October 13, 2006 — The UN Security Council has unanimously adopted a resolution to extend the mandate of the UN observer mission in Georgia by six months.
The resolution also urged Georgia to refrain from provocative actions toward its breakaway region of Abkhazia.
The resolution reaffirms a commitment to Georgia’s sovereignty and territorial integrity, but also “urges the Georgian side to address seriously legitimate Abkhaz security concerns, to avoid steps which could be seen as threatening and to refrain from militant rhetoric and provocative actions.”
Meanwhile, the European Union is preparing to voice “grave concern” over Russia’s economic blockade of Georgia and its recent mass expulsions of Georgians, in a declaration to be adopted at the EU foreign ministers’ meeting in Luxembourg on October 17 – the declaration is likely to be “sharply critical” of Russia:
The current text with its sharp criticism of Russian measures was backed by the EU’s Nordic, Baltic, and some Central European member states. While the Czech Republic was said to be its formal initiator, a major influence behind the draft declaration appears to have been Sweden’s new Foreign Minister Carl Bildt. Bildt served as Swedish Prime Minister in the 1990s and afterwards became active in conflict resolution issues in the Balkans and the former Soviet Union.
The draft declaration was opposed by Italy, Greece, and Portugal — countries traditionally friendly towards Russia. Significantly, however, both Germany and France — usually also advocates of a softer EU line towards Russia — remained outside the fray.
Via Postimees (my tr.):
European Commission Vice President Siim Kallas called the murder of the well-known Russian woman journalist Anna Politkovskaya “a great shock”, and compared the position in Russia with that of the 1930s.
“This (Politkovskaya’s murder – ed.) was a very great shock. This is an event that will have enormous repercussions,” Kallas said a press conference yesterday.
He says that the murder of the well-known woman journalist will affect relations between the countries of the West and Russia.
Kallas said that the actions of the Russian leadership in strengthening state control did not remain unnoticed in the West. At the same time, the question at the same time arises, Kallas noted, of the fact that this strengthening of state control seems to be connected with the regular killing of people who are inconvenient to the ruling circles. As examples, he cited not only the murder of Politkovskaya, but also the murder of the editor of the Russian-language edition of Forbes magazine Paul Khlebnikov and deputy chief of Tsentrobank Andrey Kozlov.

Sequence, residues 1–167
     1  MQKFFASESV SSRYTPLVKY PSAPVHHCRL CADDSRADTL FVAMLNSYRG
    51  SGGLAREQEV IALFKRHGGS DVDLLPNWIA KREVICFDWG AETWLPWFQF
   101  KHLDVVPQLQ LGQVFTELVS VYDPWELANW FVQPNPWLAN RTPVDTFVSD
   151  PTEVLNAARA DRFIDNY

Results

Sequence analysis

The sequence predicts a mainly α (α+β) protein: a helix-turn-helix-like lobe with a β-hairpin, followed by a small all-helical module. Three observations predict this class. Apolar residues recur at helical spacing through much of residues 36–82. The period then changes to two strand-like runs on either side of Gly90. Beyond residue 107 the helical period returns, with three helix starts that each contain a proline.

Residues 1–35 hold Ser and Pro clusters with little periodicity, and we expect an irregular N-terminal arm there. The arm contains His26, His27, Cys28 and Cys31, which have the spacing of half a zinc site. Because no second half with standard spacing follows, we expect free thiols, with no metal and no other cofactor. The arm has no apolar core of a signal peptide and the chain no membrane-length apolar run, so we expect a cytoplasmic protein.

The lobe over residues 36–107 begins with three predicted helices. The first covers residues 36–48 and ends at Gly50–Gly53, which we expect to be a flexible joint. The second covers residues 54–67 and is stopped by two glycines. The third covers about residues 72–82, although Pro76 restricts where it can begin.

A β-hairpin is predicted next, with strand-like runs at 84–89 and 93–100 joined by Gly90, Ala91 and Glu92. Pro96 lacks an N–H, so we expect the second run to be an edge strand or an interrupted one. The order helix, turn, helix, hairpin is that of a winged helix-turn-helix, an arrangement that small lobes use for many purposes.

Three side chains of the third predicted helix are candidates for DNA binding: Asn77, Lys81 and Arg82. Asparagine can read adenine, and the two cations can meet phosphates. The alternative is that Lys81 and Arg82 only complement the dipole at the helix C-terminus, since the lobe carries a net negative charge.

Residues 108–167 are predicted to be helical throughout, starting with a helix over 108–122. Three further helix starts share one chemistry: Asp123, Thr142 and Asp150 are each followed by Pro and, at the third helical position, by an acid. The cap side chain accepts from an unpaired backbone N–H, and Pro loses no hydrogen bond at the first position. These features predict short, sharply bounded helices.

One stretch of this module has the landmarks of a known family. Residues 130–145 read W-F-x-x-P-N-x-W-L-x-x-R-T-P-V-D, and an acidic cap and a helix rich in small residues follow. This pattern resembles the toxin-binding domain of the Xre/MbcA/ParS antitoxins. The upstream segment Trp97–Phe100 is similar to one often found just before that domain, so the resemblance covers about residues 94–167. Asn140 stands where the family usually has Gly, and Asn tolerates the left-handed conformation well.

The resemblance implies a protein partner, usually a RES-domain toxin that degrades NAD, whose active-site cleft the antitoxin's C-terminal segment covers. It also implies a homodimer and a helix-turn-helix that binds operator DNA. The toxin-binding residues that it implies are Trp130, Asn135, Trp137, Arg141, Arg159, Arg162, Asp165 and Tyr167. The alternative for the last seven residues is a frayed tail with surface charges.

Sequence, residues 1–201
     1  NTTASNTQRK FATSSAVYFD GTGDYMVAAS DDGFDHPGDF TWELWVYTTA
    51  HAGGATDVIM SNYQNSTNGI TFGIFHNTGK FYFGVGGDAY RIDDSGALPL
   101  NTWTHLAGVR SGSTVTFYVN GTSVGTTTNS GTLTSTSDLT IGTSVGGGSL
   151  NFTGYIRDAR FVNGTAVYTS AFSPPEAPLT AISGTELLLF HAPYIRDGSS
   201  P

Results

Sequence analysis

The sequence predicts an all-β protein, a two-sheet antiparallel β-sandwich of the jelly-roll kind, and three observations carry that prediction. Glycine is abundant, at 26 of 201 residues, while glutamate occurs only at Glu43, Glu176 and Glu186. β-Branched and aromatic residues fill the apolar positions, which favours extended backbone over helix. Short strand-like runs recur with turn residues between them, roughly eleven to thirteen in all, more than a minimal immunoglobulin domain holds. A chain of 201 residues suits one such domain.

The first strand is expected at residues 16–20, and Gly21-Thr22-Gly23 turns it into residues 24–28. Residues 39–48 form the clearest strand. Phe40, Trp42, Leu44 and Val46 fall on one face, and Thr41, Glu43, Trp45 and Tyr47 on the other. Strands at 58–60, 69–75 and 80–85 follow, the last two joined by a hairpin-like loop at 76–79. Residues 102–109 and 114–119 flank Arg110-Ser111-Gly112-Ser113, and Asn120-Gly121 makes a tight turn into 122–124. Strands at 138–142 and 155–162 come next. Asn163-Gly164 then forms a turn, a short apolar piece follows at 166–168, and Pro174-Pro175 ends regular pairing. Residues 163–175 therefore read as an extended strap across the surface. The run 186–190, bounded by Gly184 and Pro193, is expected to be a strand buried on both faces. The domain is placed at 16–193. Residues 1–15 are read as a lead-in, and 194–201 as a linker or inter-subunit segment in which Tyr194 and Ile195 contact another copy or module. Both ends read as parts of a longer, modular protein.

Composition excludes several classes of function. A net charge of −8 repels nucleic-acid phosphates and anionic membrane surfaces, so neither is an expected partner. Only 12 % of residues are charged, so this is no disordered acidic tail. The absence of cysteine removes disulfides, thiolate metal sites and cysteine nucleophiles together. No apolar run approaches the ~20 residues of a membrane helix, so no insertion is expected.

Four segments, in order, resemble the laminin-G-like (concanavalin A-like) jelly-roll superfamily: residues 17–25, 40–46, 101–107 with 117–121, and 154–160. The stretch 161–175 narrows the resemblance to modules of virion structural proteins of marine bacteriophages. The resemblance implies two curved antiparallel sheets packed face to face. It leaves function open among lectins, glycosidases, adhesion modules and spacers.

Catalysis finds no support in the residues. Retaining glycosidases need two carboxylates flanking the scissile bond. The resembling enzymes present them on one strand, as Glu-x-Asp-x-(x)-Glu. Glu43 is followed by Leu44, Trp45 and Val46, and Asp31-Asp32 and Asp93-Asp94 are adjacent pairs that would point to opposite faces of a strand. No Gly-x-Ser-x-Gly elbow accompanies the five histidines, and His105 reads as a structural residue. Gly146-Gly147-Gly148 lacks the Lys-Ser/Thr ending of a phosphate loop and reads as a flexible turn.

Kallas also noted that in Russia there is a law that permits the murder of people beyond the country’s borders of the country. Recalling the murder of Chechen President Zelimkhan Yandarbiyev, whom Moscow did not recognize, in Qatar, and also mentioning Pavel Sudoplatov, the notorious KGB-NKVD lieutenant general], Kallas found a sad similarity between the situation in present-day Russia and Russia of the 1930s. [Sudoplatov directed the NKVD operation that resulted in the murder of Leon Trotsky].
USA prepared to investigate murder of Politkovskaya
The US State Department does not rule out the possibility of the Russian party inviting American experts for the investigation of the murder of Anna Politkovskaya, stated Sean McCormack, official US State Department representative on October 11. It also became known yesterday that the American embassy in Moscow is now considering the possibility of such cooperation. Anna Politkovskaya was born in the USA and, apart from being a Russian subject, was also an American citizen.
The press-service of the US embassy in Moscow informed the “Nezavisimaya Gazeta” newspaper correspondent that “in conformance with American legislation, the embassy is prepared to provide the necessary consular services to Politkovskaya’s relatives.” They noted that the Russian authorities, so far, “have not applied to the Russian party for assistance in the investigation.”
Anna Politkovskaya, “Novaya Gazeta” newspaper correspondent, was killed on Saturday, October 7, in Moscow. Politkovskaya was primarily known by her materials related with Chechnya and North Caucasus. The last interview in her life, given almost an hour before the murder to the “Caucasian Knot” correspondent, was also devoted to the Chechen problems.
Via Jeremy Putley:
11 October 2006
Putin admits journalist’s murder has hurt image of Russia, page 7 today
Whatever the motive for the assassination of the greatly respected Russian journalist, Anna Politkovskaya, her death silences the bravest of the voices reporting on Chechnya in our times.
Your correspondent reporting today from Dresden quotes President Vladimir Putin as saying that Ms Politkovskaya had been well-known outside Russia, but that her influence in Russia itself had been small. That is a telling statement.
Anna Politkovskaya was a true Russian hero. In a decent country her stature would have been recognised. But in the Russian Federation the Hero of Russia medal is notably awarded to generals guilty of war crimes in Chechnya and to people like the brutal thug Ramzan Kadyrov, Mr Putin’s hand-picked prime minister in Chechnya.
Ms Politkovskaya’s memory is honoured abroad but barely acknowledged by her country’s leaders. Her funeral was well attended by representatives of foreign countries, including the British and US ambassadors, but no one of any rank from the Kremlin found it possible to attend.
Remarkably, none of her three books has been published in her own country, and the truth about the atrocities carried out, under the orders of the Russian leadership, by the armed forces in Chechnya, and the political repression there, is not widely known.
Russia truly needed a hero like Anna Politkovskaya.